As the White House finally rights a wrong and installs solar panels to heat and energize the East Wing, the Obama administration will have to determine if the installation is merely a symbolic gesture or a signal of robust leadership on climate and energy policy.
One indication of the latter would be strong leadership on a legislative response to the BP oil spill. Unfortunately, the administration might have its hands full doing damage control after the oil spill commission deemed the government’s spill response “either not fully competent” or “not fully candid with the American people about the scope of the problem.”
However, a swift, decisive course of action to reform Big Oil and hold the industry accountable might be just the solution the White House needs. Faced with the inadequacies of the spill response, America needs to see accountability for corporations and government agencies alike, stronger safety and environmental regulations for offshore drilling, and more rights for both oil rig workers and Gulf coast residents. Such legislation has already passed in the House of Representatives, but the Senate companion bill has yet to hit the floor.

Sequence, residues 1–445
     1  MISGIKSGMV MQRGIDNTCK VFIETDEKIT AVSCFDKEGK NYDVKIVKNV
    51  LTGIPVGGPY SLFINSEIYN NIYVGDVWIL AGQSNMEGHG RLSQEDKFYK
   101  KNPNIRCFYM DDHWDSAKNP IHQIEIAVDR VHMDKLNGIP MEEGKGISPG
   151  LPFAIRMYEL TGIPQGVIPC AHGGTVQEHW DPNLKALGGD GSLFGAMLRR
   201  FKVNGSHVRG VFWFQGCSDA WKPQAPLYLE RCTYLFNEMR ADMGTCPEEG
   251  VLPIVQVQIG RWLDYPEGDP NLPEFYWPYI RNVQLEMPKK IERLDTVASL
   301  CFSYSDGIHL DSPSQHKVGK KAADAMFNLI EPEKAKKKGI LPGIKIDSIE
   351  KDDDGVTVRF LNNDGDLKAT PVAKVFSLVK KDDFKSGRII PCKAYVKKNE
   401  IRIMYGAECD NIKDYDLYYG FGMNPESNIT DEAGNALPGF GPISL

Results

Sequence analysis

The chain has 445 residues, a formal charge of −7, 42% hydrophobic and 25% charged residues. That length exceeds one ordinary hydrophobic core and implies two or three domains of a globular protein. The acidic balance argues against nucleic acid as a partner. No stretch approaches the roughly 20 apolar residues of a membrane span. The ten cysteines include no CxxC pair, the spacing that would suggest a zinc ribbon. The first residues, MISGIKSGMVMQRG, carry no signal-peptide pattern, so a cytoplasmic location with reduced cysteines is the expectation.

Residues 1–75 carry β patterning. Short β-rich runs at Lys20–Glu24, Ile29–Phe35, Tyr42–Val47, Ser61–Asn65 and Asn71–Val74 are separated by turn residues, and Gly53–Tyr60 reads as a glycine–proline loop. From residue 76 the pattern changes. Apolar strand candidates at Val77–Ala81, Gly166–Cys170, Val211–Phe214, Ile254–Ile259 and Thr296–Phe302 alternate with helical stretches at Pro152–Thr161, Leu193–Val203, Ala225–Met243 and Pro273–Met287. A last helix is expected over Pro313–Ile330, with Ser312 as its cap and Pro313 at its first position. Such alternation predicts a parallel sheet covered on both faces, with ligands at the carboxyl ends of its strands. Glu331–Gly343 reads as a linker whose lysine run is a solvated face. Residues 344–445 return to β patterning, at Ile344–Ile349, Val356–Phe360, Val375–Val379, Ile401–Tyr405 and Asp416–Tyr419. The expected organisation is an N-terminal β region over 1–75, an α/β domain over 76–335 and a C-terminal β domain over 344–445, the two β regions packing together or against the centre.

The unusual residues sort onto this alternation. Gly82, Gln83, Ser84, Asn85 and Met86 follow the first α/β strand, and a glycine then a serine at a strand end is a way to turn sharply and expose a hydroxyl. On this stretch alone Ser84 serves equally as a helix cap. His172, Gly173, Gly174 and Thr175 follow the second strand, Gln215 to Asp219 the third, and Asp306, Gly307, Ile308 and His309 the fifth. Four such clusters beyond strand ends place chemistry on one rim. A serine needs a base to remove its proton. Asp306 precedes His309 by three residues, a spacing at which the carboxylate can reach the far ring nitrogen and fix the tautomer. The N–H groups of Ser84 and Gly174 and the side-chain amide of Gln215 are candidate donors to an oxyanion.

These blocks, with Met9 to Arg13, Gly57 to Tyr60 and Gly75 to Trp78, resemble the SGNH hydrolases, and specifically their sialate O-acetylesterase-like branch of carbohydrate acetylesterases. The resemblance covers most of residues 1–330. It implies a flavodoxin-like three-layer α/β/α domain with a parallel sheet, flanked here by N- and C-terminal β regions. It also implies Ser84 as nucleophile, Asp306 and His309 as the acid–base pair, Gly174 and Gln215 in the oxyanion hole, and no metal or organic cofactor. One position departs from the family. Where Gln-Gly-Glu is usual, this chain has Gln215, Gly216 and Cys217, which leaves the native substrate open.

America needs to see that action now. The immediate Gulf crisis is over, but the underlying causes for it must be addressed – before it happens again.
Big Oil is not wasting a moment cozying up to Congress. Just look at the Senate’s failure to approve subpoena power for the oil spill commission. By denying the commission the authority to subpoena witnesses and compel testimony, Congress is shielding companies associated with the spill from being held accountable.
Yes, the Obama administration should be applauded for its move to go solar. But as soon as the party is over, the administration must get back to work on holding BP accountable.
Tyson Slocum is director of Public Citizen’s Energy Program.